Perils lie in subsystem-level thinking. Take the case of air conditioning load. Air conditioners are big consumers of reactive power. A utility might attempt to compensate for reactive power consumption by adding capacitors at the distribution level, intending to boost available capacity by reducing the need for reactive power generation. However, low needs for reactive power can lead to underexcitation of the existing power plants, prompting relays to respond by disconnecting the plants for their own protection. Such an event would immediately cause a greater deficiency in total megawatts, quickly leading to further sequential disconnection of equipment for
protection. Such a scenario could provoke a full-blown blackout in the New England region. And, except in the case of a single-event contingency, it is not clear who bears responsibility for keeping power delivery uninterrupted.
What is clear, however, is that distributed decisionmaking by various profit-driven market players does not recognize the technical complexity of this scenario. Consequently, it cannot coordinate the systemwide corrective actions necessary to retain integrity of the interconnection under unexpected contingencies.
Beyond the level of coordination needed for real-time system operation, there exists a need for systematic, long-term nurturing of the transmission grid and various high technologies. Though generally viewed as external to the primary supply/demand market (em and, thus, as an unwelcome expense (em these technologies play a critical role in achieving dynamic efficiency (i.e., reducing customers' energy bills).
A strong future for the power industry requires dynamic efficiency and high-quality, reliable power under open access. The ongoing debate on deregulation must begin to assess long-term efficiency, and to evaluate potential grid enhancements and the efficient use of resources. In the competitive market, we want not only efficient, but also reliable, electric supply.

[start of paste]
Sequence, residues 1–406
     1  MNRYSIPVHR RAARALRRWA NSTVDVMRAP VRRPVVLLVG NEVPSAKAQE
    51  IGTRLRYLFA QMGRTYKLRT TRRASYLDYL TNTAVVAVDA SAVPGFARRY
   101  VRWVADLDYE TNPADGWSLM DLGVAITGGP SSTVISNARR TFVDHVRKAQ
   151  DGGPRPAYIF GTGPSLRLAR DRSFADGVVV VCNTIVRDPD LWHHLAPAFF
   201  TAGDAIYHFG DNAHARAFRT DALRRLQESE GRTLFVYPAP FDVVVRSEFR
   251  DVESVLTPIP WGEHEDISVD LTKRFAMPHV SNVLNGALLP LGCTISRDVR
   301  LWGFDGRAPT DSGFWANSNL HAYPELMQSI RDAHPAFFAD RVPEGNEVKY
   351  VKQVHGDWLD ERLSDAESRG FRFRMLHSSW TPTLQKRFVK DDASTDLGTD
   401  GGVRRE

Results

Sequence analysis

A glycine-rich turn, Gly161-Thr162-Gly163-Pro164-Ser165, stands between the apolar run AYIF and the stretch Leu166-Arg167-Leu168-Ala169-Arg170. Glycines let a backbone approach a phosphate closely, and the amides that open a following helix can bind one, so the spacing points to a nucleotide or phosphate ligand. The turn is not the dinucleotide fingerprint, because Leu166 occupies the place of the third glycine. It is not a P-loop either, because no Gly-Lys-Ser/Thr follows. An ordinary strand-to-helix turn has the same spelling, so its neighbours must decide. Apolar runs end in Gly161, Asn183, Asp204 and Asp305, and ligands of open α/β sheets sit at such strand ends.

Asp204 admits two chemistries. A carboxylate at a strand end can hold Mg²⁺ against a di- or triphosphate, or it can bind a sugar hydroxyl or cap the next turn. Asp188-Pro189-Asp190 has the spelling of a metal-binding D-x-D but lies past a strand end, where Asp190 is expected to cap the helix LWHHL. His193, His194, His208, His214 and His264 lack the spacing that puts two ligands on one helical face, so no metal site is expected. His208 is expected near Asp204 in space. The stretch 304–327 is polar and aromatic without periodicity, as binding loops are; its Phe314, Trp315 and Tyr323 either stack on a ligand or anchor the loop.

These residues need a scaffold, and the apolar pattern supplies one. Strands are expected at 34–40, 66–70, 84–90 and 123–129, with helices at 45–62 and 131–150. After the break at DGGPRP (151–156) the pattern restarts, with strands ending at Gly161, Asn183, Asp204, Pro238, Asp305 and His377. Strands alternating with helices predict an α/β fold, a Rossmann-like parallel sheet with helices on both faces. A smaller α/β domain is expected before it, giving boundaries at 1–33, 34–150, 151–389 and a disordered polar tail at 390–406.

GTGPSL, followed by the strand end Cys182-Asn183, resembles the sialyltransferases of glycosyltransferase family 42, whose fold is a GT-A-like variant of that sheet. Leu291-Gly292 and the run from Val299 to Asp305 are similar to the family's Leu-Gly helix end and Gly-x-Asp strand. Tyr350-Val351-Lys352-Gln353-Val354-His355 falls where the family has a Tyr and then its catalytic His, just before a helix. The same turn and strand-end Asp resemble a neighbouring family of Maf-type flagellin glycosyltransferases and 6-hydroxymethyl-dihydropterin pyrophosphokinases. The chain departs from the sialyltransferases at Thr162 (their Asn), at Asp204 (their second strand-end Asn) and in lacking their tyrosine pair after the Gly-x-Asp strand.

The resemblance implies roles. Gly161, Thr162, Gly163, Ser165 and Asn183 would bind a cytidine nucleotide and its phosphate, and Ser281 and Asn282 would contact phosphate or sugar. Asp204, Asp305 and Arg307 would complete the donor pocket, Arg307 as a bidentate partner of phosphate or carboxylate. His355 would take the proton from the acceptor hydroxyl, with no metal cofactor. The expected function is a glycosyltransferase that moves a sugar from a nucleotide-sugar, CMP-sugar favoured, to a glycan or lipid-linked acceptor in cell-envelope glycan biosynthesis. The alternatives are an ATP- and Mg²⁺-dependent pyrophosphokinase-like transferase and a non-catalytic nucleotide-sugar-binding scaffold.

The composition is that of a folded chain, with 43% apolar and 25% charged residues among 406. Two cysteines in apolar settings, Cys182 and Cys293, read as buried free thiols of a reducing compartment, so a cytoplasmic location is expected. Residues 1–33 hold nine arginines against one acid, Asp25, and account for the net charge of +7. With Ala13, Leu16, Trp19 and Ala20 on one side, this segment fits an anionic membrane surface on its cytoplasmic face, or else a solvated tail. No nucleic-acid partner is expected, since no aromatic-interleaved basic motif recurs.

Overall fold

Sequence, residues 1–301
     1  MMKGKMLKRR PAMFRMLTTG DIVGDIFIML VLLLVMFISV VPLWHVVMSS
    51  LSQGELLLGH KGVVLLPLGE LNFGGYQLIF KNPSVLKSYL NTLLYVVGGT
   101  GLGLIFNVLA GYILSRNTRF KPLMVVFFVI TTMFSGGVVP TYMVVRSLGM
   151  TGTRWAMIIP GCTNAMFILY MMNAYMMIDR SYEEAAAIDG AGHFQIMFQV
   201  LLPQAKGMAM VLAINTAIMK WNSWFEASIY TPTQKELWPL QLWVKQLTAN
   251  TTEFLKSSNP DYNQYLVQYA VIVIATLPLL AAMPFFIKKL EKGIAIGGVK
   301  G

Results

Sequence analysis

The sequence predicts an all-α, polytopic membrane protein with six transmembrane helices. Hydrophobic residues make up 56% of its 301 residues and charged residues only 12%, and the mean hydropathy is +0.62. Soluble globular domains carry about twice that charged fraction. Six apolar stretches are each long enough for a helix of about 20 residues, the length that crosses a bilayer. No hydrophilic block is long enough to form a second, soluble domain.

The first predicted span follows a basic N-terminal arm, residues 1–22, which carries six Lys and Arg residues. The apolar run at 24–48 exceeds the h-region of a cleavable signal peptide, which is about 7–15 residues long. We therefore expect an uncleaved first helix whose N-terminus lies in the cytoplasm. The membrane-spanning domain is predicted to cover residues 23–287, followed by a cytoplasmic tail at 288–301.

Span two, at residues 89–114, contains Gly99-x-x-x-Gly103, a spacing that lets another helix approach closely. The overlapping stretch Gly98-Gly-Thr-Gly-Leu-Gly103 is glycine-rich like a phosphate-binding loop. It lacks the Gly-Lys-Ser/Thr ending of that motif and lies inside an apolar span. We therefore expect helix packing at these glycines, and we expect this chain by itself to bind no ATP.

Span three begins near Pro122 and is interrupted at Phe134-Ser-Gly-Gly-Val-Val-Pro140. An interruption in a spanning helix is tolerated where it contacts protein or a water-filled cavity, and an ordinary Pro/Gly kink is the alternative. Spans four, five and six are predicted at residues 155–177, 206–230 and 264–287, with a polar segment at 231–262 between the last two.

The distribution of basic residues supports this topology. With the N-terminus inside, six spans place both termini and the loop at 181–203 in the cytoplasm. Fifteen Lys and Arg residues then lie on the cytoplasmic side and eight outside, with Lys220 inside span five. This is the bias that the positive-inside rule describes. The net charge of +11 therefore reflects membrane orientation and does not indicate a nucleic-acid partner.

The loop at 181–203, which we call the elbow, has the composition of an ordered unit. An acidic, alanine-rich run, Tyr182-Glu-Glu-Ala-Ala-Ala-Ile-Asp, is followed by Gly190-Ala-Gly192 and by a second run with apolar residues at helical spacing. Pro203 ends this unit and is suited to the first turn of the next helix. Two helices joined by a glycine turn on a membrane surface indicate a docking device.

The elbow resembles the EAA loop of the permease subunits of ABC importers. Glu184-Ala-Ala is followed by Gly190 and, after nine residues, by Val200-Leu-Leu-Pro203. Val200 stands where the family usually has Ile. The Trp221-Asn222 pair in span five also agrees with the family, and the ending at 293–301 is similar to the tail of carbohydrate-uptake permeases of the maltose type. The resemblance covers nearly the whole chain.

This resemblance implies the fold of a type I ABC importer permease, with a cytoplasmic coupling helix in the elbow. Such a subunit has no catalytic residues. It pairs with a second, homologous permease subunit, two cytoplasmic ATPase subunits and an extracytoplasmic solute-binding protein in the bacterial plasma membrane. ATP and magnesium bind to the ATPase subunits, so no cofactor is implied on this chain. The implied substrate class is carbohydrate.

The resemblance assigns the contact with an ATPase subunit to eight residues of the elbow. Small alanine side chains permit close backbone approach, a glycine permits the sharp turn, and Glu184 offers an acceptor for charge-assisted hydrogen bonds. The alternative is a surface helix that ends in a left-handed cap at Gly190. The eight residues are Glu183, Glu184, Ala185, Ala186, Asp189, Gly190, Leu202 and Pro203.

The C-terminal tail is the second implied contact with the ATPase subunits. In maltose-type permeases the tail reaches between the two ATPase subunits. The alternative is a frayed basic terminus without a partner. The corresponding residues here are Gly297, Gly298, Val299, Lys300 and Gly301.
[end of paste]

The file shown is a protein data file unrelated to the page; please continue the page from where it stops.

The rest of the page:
Tomorrow's generation may come from small-scale distributed generation built where needed. But the properties of such systems must be compared to more traditional systems in terms of robust reliability as well as of dynamic efficiency. t
Marija Ilic' is a senior research scientist in the Department of Electrical Engineering and Computer Science at the Massachusetts Institute of Technology. Her research focuses on control and network theory applications to the dynamics, control, and economics of large-scale power systems. She has also taught and researched such subjects at Cornell University and the University of Illinois at Champaign-Urbana.
The author thanks the U.S. Department of Energy for financial support of projects on the role of technology in a deregulated industry. She also acknowledges the unselfish input provided by Elizabeth Drake, associate director of the MIT Energy Laboratory, and Leonard Hyman, managing director of Fulcrum International, Ltd., plus assistance from two former graduate students, Jeffrey Chapman of Failure Analysis, Inc. and Assef Zobian of Putnam, Hayes and Bartlett, Inc.